Star Trek: Picard star Patrick Stewart has received the COVID-19 vaccine. Stewart, the 80-year-old actor who returned to his character from Star Trek: The Next Generation for a new series on CBS All Access that debuted in 2020, shared a video in which he gets the vaccine shot into his arm after waiting four hours in line. Stewart is English but lives in the United States. Receiving the vaccine will help protect him from contracting the coronavirus as he begins filming Star Trek: Picard's second season in February. Stewart made sure to express his appreciation for health care workers and scientists both in the video and in his Tweet sharing it.
"How do we say thank you to the health workers and scientists for their sacrifice and service?" Stewart tweeted. "Receive the vaccine as soon as one can to lessen their load and keep wearing a mask to protect fellow citizens. In my 80th year, I am grateful and hopeful for better days ahead."
How do we say thank you to the health workers and scientists for their sacrifice and service? Receive the vaccine as soon as one can to lessen their load and keep wearing a mask to protect fellow citizens. In my 80th year, I am grateful and hopeful for better days ahead. pic.twitter.com/emGDlnYL2E— Patrick Stewart (@SirPatStew) January 22, 2021
Earlier this month, Stewart began discussing what's in store for Jean-Luc Picard in the second season of the streaming series. He touched on how Picard's new artificial body may or may not affect his mindset, alluded to how the show reflects reality, and hinted at another significant change to come.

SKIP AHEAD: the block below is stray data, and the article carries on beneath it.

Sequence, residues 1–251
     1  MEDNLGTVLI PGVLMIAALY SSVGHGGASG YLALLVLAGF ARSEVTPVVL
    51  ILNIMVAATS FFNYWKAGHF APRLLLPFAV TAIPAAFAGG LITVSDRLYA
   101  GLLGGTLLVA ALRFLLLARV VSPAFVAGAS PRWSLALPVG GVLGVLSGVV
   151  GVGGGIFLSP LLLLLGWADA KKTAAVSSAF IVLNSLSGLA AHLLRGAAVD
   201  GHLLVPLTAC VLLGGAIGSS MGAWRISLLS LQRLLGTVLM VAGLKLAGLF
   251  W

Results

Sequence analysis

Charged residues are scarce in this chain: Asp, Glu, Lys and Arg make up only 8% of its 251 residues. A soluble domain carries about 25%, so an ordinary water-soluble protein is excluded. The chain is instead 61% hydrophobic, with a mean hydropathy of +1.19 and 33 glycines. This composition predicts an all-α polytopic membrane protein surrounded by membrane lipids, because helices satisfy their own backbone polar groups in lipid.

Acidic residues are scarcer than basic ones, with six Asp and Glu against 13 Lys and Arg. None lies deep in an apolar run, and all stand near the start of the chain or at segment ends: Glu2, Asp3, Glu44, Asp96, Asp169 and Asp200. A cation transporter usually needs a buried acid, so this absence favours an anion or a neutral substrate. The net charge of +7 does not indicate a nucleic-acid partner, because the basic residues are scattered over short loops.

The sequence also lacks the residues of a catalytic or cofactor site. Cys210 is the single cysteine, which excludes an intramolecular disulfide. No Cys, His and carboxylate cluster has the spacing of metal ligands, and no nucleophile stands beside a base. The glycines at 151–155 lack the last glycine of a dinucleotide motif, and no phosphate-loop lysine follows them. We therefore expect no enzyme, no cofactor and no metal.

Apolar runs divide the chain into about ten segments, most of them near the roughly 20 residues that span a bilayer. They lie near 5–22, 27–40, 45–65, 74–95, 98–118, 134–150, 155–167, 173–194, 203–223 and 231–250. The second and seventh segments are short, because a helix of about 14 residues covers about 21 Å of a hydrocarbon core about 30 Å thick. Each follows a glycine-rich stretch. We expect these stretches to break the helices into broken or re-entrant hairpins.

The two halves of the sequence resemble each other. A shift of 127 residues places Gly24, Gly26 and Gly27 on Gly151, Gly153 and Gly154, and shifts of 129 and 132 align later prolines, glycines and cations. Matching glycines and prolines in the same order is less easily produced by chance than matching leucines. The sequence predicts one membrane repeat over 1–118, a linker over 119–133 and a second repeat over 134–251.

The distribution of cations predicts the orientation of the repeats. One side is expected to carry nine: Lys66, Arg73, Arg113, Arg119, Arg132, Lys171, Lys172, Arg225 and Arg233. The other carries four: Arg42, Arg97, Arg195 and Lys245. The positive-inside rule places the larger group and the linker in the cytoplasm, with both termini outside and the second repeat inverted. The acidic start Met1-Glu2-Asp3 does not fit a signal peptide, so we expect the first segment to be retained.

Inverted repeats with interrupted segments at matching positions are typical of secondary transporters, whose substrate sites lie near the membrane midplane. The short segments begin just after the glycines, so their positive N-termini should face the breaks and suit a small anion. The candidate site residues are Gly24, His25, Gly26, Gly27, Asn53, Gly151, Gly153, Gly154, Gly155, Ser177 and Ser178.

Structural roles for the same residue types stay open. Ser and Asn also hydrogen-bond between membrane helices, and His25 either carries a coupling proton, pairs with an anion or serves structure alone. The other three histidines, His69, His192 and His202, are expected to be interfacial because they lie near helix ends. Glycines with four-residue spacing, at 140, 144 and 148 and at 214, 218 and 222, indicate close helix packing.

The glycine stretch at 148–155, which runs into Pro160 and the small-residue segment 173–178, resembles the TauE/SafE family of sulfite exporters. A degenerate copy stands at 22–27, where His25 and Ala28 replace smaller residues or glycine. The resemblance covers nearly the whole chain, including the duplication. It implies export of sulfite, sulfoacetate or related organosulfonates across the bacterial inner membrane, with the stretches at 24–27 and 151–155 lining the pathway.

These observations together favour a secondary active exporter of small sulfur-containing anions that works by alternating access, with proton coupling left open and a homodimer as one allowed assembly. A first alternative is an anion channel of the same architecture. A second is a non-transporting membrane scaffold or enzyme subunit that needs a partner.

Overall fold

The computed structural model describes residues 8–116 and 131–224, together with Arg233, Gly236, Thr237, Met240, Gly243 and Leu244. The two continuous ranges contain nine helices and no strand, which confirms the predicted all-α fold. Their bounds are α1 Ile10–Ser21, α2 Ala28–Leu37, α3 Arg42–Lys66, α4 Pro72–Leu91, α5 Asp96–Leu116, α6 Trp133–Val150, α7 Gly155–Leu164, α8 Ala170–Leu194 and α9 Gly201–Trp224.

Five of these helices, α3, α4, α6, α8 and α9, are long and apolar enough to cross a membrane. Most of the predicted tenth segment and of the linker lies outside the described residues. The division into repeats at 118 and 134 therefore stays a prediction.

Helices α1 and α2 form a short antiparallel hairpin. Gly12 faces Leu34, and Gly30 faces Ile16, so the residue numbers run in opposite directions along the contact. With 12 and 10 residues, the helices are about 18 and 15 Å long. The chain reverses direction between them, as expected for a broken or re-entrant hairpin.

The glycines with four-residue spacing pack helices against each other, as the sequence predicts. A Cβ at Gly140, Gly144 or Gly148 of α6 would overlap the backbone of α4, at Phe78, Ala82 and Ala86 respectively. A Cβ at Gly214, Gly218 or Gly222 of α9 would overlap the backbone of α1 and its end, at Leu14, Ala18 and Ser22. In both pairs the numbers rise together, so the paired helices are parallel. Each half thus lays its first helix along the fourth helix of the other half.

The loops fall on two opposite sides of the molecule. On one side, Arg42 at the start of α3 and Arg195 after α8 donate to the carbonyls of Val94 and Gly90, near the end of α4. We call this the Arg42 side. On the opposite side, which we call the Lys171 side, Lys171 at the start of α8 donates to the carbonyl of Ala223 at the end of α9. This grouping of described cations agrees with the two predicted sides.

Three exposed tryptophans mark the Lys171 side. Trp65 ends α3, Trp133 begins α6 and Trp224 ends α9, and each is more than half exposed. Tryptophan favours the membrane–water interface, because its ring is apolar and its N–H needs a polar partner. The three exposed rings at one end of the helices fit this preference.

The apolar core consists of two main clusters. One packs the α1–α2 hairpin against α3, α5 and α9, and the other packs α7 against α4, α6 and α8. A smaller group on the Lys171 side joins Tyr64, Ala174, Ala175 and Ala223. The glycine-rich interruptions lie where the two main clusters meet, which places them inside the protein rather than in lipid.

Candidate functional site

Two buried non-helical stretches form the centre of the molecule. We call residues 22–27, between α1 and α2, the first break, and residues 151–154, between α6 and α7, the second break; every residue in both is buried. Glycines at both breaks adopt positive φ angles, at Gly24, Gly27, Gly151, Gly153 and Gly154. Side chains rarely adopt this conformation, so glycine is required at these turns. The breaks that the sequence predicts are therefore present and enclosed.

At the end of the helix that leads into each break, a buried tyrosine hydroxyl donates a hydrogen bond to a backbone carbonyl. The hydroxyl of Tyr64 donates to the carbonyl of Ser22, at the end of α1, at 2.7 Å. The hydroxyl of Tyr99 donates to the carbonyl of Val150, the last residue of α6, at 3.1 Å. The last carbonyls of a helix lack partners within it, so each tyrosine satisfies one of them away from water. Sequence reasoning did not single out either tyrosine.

"That's a question that I brought up with [co-creator Akiva Goldsman[ and [showrunner Terry Matalas] when the three of us were having a script discussion," Stewart told Gold Derby. "I wanted to know what, exactly, they had done to me when they saved my life, and was there any chance that this might have an impact on Picard's personality or behavior. They felt that it probably wouldn't, but it lies there as an option should we need to take it. But also, there is another human aspect being introduced into season two, which I am not allowed to talk about, but it's going to have, I think, quite an impact.
"There is a strong element of a better future in all of the Star Trek versions there have been I'm sure it will be present in the animated version when we see it," Stewart continued. "But it's undergoing a bit of a transformation at the moment as we're working on Season Two of Picard. The world around us is not as calm, patient, democratic as it has been. There are issues that are very contemporary. Now don't think for one moment, because Alex and Akiva would could me if they thought I was saying this, we are not tuning in to European politics or North American politics at all, but there is a sense in which things have gone wrong, and they need to be put back on track again. I hope that that will have a beneficial impact on our audience at home when they watch it. We don't lecture to people. We tell stories. That's our job. But I hope nevertheless there is a sense coming through, and I'm sure it will, of we have issues, and we have problems, and there is unfairness in the world, and we have got to resolve this if we can."
Star Trek: Picard's first season is streaming now on CBS All Access.